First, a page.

While a foam roller is great for the ITB, I prefer a massage ball for glutes, back and feet.
My favourite way to use it is to come into a squat with my back against the wall. I place the bakball towards my mid-back and then I slowly come to standing and squat again, allowing the ball to roll up and down my spine. Eases out all those little niggles between the shoulder blades!
There are videos of how to use the bakballs for particular areas. I also take mine in the car and sit it either under my shoulder blades or into my lower back and press back into it. It presses into sore spots. If Drake or Diplo comes on, I end up doing a bit of a dance in my seat, which results in a mini massage. Recommended!
Understand the muscles you use: Yesterday I asked my class to be curious about their bodies. I think we ought to be in wonderment every day at what we're capable of and the incredibly engineered machine that our body is! Having been through surgery and illness, I have so much appreciation for how the body wants to heal. It wants to perform. It loves movement.
Liane Simmel is a former professional dancer who now runs her own clinic in Germany specialising in osteopathy and sports medicine. She also supervises strength and training programs for dance students and professional dancers. Dance Medicine $52.95 @ Taylor and Francis
I'll be attending to the chapters on hips and knees very closely! I'll also be continuing my VMO strengthening. Now, I have popped this video below to encourage you to work your VMO too. It not only helps with stabilising your knee but it also gives you great muscle definition in the front of the thigh (priorities?!) By the way, this is a very appealing trainer with a cool accent. You're welcome - my pleasure.
I love Tracey Mallett. An ex-dancer who has a whole range of barre DVDs and online training videos, she does fun and TOUGH workouts. You don't need to do an hour - you can feel a burn through the abs and thighs in this 10 minute workout. Maybe you do it once in the morning then again in the evening. Just an idea. Did you do it? Do you love it? Come and tell me on Facebook!
Not just to gain that sculpted muscle that looks fab, but to ensure you are strong from every angle and really challenging the biggest muscles in your body to be fired up, able to endure and support great alignment, posture and balance.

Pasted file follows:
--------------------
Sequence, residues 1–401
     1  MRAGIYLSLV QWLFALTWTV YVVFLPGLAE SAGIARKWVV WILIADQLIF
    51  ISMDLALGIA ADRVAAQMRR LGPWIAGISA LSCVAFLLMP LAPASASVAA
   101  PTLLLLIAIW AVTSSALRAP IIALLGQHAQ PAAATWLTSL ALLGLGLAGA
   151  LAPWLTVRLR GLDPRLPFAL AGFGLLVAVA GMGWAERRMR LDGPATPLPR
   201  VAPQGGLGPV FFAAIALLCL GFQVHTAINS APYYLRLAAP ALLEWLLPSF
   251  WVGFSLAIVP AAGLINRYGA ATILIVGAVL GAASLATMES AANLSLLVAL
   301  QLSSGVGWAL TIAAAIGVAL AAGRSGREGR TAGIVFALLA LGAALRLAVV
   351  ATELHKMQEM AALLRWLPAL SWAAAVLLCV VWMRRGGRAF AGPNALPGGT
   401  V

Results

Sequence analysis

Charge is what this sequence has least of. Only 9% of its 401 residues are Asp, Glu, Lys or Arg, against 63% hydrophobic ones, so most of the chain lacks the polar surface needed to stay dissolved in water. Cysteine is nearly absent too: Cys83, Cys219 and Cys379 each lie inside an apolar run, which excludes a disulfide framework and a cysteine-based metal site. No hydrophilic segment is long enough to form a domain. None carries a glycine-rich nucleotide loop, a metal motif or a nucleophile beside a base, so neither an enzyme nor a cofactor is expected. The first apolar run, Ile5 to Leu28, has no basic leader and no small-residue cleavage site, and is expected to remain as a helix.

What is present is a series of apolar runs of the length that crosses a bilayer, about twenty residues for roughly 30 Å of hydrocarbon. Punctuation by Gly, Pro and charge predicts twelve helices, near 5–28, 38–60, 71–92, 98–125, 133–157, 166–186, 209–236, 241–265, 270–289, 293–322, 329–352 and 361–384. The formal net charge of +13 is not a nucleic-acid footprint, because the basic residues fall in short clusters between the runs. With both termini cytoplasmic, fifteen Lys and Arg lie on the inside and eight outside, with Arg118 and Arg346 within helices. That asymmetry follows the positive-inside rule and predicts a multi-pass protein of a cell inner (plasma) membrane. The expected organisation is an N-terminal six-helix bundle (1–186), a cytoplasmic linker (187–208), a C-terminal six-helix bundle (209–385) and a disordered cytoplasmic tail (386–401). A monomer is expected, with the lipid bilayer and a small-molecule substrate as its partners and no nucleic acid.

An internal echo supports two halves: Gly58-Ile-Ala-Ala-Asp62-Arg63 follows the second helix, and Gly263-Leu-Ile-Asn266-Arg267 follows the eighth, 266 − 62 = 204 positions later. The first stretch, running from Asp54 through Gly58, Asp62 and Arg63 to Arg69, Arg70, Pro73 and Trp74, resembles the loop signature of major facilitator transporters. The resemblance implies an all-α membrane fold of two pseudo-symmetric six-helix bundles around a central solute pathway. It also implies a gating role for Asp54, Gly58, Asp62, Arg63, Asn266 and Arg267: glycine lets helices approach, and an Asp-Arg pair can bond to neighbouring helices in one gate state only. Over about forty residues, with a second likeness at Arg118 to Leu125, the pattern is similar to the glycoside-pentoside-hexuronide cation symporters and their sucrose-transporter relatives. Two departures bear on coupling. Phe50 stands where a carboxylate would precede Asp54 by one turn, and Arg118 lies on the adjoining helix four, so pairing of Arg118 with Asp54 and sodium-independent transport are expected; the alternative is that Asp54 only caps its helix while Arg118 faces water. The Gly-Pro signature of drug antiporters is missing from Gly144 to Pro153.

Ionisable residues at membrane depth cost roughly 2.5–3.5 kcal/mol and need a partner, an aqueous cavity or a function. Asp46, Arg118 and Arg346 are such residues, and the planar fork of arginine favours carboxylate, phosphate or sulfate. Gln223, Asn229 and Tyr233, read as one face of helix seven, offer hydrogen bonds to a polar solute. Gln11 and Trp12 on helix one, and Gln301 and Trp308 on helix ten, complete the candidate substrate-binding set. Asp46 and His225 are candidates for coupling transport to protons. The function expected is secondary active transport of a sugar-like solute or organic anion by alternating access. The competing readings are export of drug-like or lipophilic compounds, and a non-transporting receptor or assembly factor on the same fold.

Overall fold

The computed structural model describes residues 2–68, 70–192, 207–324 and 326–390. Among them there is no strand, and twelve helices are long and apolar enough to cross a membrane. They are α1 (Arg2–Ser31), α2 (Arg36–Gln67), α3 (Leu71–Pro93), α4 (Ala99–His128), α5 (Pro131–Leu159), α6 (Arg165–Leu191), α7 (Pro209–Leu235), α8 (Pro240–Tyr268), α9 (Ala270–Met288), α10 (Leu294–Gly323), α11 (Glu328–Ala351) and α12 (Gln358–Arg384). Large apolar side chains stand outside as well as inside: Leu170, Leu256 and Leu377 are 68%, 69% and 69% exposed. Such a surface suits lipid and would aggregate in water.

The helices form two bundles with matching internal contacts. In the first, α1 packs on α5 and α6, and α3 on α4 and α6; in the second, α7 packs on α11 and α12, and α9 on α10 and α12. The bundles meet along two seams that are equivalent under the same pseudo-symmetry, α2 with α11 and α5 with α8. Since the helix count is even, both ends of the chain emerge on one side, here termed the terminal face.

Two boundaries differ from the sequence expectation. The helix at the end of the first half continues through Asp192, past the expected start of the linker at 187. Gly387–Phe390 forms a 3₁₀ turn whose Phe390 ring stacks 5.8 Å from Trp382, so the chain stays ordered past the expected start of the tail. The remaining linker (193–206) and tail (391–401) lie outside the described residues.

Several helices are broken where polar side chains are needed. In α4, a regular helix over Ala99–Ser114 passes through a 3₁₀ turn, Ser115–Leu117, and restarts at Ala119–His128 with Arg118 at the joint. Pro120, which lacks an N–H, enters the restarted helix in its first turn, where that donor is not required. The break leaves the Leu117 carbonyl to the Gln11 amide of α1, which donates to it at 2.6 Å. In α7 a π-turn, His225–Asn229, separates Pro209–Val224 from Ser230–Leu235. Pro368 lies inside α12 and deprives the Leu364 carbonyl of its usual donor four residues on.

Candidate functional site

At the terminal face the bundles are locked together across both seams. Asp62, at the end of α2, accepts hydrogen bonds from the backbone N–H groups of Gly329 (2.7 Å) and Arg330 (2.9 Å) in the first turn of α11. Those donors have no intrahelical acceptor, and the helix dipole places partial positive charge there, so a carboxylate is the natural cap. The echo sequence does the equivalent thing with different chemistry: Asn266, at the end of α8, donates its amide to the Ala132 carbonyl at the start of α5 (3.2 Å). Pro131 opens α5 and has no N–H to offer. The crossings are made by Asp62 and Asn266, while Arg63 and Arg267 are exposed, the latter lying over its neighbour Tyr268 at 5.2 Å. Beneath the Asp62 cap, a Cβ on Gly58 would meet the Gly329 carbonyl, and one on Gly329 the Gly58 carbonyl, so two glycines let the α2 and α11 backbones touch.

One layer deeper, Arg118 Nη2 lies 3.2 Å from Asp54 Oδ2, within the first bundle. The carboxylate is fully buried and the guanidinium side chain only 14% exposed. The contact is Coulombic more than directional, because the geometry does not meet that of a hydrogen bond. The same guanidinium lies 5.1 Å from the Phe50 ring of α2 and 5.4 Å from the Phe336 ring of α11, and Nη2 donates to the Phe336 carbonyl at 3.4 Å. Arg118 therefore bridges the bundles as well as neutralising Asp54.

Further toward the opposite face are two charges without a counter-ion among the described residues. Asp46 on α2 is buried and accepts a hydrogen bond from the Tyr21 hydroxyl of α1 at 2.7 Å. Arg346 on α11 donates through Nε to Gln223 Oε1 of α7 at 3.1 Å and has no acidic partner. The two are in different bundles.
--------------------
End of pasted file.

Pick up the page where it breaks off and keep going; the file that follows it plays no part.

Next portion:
Thigh Stretch: Kneeling with knees directly under your hips. Shoulders back and chest open. Without tilting your hips, maintain a straight line from top of the head to the knees as you lean back to 45 degrees. Keep your chin parallel to the floor and eyes ahead! Hold 2 seconds. Repeat 10 times.
Plie in 2nd: Whether you use a barre, or a chair, or a desk for support, make sure you are only holding lightly. You want your body to do all the work! Bend at the knees and make sure your knees are in line with your middle toes. At the lowest point, your hips are in line with your knees and your knees are directly above your ankles (don't stand too narrow!). Avoid hunching forward. Raise and lower in a straight line for 20, holding at the bottom for 2 seconds. Extra challenge? Raise your heels the whole set.
Frog Press: Lying on the mat, bend your knees and take them wide. Keep your heels locked together and toes pointing outwards. Press your legs out straight at 45 degrees then return. Make sure your lower back doesn't raise off the mat! Repeat for 10, rest for 30 seconds and do another 10!
Frog Press Reverse: Lying on your tummy, take your legs out wide and bend your knees. Keeping your knees wide, lock your heels together and flex your feet. Without raising your head, squeeze your bum to lift your thighs off the mat and hold for 2 seconds before returning. Repeat 10 times, rest for 30 seconds and repeat again.
Warrior 3 or Arabesque: Pushing into every edge of the foot, make sure you are standing firmly then reach forward with the arms as you raise one leg to hip height behind you. Hold for 10 seconds then return. Swap sides. Repeat on each leg 3 times.
BODY BEAUTY TIP!Bare your legs and arms with pride. After a shower, generously spray Vaseline Intensive Care Spray (Fragrance Free) all over. No dry elbows and heels happening here! Buy it at Priceline.
Know what is driving me up the wall? I really like walking mindfully - thinking about just "heel, ball, toe..." and thinking about engaging pelvic floor, standing tall...it calms me. It helps me focus.
At the moment, I'm walking with a pronounced limp and while I know it's noticeable (thankyou for pointing it out people - yes, I have a LIMP...mind your own business!) that doesn't bother me as much as the idea that I'm teaching my body to continue it.
I also think I need to be a little gentler on myself. However. I have found an exercise to improve my hip and pelvic strength. I intend to try it today - not too many, just to see how it feels. I will also be calling the physio centre at the rehabilitation hospital I attended to ask their feedback on what I should be expecting at this point and whether this is a safe move for me. So, while I'll be trying this, I DO suggest you talk to your physio and check this is safe for you if you have any sort of hip complaint. Pelvic Drop Exercise